Refining Triangle Pose: The 3 Primary Triangles in Trikonasana

You could explore Trikonasana (Triangle Pose) for a lifetime and still continue to feel new sensations. Each time you practice, you can create profound awareness in both your body and breath. An aspect of Triangle Pose that I enjoy playing with is the concept of three or working with the three triangles of Trikonasana.

In this pose, you can find many triangles reflecting the pose’s name. By placing an acute awareness on each triangle within the pose, your perspective and subsequent sensations that you experience in the pose change.

Basic Set-Up

The Trikonasana steps are as follows:

1. Stand on a nonskid mat and step your feet apart 3 to 4 feet, with the inner edges of the feet parallel to each other.

2. Turn your right foot in slightly and turn your left foot out 90 degrees towards the front of your mat. Firm both legs.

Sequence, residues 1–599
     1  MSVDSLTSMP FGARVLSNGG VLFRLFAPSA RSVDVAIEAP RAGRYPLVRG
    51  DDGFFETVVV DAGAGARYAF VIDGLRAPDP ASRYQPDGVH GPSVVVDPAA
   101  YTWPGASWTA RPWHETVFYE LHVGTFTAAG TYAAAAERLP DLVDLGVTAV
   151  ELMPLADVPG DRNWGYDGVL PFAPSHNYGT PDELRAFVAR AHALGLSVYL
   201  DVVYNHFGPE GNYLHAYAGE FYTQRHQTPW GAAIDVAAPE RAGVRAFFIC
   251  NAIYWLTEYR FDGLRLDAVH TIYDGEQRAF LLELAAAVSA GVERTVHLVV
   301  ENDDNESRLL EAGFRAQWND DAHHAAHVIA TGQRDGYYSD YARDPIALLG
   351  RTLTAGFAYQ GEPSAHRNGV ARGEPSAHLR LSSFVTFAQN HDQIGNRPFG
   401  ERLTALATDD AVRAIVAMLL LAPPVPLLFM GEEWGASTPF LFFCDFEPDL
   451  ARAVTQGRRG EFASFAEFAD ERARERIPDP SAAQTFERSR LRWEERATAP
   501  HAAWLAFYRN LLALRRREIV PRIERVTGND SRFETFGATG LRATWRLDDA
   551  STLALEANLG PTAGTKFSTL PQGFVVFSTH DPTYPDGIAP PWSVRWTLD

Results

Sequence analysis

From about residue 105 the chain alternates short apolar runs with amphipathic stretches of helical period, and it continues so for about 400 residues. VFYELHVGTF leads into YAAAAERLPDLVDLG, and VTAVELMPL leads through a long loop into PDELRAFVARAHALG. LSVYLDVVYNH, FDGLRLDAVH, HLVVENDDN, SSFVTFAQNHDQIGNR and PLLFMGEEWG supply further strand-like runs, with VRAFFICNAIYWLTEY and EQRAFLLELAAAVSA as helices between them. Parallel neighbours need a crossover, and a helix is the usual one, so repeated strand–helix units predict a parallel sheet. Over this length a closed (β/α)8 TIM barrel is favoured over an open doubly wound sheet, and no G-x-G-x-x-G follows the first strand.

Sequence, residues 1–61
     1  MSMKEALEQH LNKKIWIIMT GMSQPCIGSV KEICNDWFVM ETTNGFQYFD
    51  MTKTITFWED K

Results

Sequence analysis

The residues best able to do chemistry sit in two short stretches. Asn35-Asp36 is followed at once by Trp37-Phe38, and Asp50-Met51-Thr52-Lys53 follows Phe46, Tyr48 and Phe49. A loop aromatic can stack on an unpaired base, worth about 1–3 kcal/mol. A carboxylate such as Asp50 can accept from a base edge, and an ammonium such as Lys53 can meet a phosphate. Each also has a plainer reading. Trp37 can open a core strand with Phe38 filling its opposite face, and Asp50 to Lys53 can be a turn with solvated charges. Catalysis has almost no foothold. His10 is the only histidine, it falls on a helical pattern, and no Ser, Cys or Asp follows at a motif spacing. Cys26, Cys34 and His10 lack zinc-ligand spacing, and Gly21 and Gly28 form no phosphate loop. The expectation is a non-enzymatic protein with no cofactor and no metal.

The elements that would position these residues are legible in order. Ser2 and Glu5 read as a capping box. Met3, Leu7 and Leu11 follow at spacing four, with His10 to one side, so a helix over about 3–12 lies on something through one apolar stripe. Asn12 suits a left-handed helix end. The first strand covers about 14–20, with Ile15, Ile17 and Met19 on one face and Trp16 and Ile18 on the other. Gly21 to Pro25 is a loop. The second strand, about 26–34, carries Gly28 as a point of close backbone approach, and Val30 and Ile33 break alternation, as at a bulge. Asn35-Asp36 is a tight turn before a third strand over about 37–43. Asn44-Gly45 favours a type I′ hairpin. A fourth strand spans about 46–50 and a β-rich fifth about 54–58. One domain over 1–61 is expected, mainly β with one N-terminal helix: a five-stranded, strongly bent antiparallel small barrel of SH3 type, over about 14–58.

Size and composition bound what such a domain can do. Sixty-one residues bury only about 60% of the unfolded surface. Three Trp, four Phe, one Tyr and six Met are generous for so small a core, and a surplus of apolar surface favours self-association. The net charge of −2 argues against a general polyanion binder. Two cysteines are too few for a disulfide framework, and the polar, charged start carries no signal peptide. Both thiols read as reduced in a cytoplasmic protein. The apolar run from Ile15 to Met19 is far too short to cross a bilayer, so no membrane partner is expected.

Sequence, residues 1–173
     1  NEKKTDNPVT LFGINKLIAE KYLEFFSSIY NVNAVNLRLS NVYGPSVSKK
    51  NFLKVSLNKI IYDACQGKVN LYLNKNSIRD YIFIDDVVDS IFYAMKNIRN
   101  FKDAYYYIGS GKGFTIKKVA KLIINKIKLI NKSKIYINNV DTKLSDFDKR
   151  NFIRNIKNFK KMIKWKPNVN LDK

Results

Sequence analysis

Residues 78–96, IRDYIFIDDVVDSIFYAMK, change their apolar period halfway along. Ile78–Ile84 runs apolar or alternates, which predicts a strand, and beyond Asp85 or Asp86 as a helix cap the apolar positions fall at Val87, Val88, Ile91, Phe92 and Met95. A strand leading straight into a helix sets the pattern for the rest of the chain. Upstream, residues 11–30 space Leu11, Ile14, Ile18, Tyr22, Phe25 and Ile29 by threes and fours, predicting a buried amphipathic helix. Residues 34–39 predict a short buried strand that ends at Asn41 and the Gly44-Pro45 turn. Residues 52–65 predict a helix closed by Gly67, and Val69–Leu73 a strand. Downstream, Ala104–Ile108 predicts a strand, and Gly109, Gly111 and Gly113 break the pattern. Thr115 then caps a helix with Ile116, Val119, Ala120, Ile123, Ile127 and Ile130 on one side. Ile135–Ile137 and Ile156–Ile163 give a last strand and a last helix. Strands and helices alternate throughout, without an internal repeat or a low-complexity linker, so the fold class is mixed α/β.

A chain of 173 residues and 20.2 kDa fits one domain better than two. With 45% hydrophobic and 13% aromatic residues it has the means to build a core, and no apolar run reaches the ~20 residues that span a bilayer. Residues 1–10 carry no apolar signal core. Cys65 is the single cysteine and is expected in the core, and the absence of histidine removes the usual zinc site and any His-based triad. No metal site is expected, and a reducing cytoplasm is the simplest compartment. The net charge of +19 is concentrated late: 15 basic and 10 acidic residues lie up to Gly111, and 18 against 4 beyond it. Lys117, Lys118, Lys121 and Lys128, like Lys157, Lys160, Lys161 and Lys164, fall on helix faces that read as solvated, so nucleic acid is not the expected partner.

3. Roll your left thigh outward to the left in external rotation so that the center of your kneecap faces your second or third toe.

4. Reach your arms out to the sides over their respective legs. 

5. Maintain the rotation of the left thigh at the hip as you reach your left arm and side body forward past your left thigh.

6. Lower your left hand down onto your shin or to a block and lift your right arm up overhead.

7. Keep your upper body in Tadasana (Mountain Pose).

The Base of the Triangle

The first and most fundamental triangle that we work with is the triangle we make with our legs and the Earth. The Earth is the base layer of the triangle. The feet create the angles between the base and the sides of the triangle.

Your legs form the sides of the triangle and these sides meet at the pelvic floor, the muscles at the base of the pelvis. This triangle represents stability, strength and a solid foundation in which to build upon. Use these actions to identify this triangle.

1. Press your feet firmly into the floor.

2. Hug the inner legs in toward each other.

3. Imagine gathering the ground between your feet, the base of the triangle, and lift it up toward your pelvic floor.

4. Feel how the legs and floor create a triangle that meets at the summit of your pelvic floor.